Other aims and advantages, as well as a more complete understanding of the present invention, will appear from the following explanation of exemplary embodiments and the accompanying drawings thereof.
FIG. 1 illustrates a package configuration formed in accordance with a first embodiment of the present invention, in which a single length of flaccid item is sealed within an enclosure;
FIG. 2 illustrative of the opening of the package depicted in FIG. 1, and the drawing of the flaccid item therefrom in an untangled and unknotted manner with the aid of a segment of the package operating as a handle;
FIG. 3 shows another package configuration formed in accordance with a second embodiment of the present invention, in which a pair of flaccid items are sealed within separate enclosures within a single package;
FIG. 4 depicts a mechanism, apparatus or instrumentation for forming a package, such as shown in FIG. 1;
FIGS. 5 and 6 are cross-sectional views of the mechanism, apparatus or instrumentation of FIG. 4, taken respectively along lines 5--5 and 6--6 thereof;
FIGS. 7-9 are simplified views of the instrumentation shown in FIGS. 4-6 and the steps showing its use for forming such packages as are shown in FIGS. 1 and 2; and
FIG. 10 is a side view of a portion of a package in process of formation, comprising an open-ended sheath and a completed package attached thereto prior to its separation from the sheath.
Accordingly, FIG. 1 illustrates a package or sealed enclosure 20, which contains a single continuously extending, uncut flaccid items 22. By flaccid, it is meant that item 22 has little or no rigidity or firmness and, therefore, is incapable of self-support; thus, when unsupported, it may be limp.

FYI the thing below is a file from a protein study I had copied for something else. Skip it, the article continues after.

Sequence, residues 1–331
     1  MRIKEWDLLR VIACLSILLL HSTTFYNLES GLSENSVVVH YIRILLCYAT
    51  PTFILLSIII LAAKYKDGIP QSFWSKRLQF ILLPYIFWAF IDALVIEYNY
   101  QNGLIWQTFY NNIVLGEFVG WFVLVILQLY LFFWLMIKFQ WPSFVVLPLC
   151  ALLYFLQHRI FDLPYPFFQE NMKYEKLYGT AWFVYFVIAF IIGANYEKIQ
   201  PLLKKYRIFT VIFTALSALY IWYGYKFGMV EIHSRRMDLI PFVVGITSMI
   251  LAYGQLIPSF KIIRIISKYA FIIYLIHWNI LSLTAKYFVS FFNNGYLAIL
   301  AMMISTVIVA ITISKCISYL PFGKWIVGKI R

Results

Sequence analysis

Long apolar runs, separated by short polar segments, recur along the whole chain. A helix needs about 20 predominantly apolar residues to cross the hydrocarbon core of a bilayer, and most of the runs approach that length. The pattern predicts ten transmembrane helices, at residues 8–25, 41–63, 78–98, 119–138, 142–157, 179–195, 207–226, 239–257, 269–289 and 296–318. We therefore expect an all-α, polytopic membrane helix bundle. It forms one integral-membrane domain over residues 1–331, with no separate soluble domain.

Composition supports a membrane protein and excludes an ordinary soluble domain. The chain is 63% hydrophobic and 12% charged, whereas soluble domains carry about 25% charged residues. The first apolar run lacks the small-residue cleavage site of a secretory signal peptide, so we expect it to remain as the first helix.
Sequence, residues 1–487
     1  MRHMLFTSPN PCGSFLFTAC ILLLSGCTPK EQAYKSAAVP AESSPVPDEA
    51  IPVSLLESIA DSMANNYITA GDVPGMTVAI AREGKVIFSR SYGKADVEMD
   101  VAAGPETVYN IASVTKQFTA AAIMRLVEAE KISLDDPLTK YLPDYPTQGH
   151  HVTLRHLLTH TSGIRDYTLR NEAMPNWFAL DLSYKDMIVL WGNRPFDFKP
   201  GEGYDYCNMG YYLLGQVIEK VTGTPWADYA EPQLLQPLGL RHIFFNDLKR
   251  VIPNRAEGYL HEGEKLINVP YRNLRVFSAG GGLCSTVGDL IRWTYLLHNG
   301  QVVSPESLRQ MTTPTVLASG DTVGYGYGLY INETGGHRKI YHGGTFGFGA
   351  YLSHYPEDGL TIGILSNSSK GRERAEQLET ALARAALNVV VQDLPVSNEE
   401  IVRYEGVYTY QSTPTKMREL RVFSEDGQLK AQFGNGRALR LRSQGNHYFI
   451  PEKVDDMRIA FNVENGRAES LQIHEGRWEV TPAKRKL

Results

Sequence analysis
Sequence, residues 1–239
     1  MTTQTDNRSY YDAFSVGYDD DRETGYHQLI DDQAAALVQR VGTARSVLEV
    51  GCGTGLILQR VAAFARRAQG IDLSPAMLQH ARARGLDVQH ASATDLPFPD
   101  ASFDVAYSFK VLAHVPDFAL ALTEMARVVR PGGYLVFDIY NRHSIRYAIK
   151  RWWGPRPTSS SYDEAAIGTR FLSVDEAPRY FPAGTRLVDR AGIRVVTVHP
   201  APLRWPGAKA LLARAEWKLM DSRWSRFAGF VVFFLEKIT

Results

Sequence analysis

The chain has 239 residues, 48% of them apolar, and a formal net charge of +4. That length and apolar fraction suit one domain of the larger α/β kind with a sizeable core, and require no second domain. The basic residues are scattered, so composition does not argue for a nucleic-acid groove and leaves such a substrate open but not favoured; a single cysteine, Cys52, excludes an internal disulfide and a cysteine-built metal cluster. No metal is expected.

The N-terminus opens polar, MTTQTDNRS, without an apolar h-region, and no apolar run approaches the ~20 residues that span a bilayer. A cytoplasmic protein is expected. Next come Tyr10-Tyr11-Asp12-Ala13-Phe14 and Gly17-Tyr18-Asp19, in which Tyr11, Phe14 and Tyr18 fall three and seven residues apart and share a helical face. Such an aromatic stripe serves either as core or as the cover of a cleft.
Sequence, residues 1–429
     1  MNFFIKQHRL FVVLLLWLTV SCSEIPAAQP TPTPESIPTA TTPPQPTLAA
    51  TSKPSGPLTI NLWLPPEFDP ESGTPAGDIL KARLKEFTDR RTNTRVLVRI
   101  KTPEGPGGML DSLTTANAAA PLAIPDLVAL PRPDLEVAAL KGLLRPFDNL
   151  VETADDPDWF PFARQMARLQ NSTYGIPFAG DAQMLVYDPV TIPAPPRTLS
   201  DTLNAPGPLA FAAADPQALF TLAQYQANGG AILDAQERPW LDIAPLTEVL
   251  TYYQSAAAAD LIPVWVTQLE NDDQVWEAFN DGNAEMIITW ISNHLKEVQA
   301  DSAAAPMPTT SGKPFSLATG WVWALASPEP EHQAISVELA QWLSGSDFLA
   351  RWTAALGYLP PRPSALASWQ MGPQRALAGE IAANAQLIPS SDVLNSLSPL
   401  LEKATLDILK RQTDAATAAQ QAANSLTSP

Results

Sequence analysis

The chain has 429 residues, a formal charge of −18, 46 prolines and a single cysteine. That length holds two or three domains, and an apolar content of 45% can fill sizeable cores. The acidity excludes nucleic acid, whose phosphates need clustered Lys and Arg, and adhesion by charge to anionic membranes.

Flaccid item 22 comprises a central portion 22a and end or terminal portions 22b. Central portion 22a is bunched-up in an untangled manner, that i,s it is or may be massed together, but still be capable of being readily separated, so as to be free from being or becoming knotted. Such an untangled condition, as will be more fully explained below, permits the flaccid item to be extracted in an unknotted and untangled manner from its enclosure.
Representative flaccid items include filaments, for example, of thread or ribbon style dental floss, or of natural fiber, synthetic fiber, metallic wire, or of flat material with or without printing thereon, e.g., a paper with a message thereon, and combinations thereof. In addition, if desired, non-flaccid devices, such as a needle, may be packaged with the flaccid item within the package.
A typical package has a rectangularly-shaped flat configuration defined by a pair of large-surfaced, flat walls 24 which are sealed together at their perimeters as indicated by indicia 26a-26d to form a compartment 28 in which the flaccid item is contained.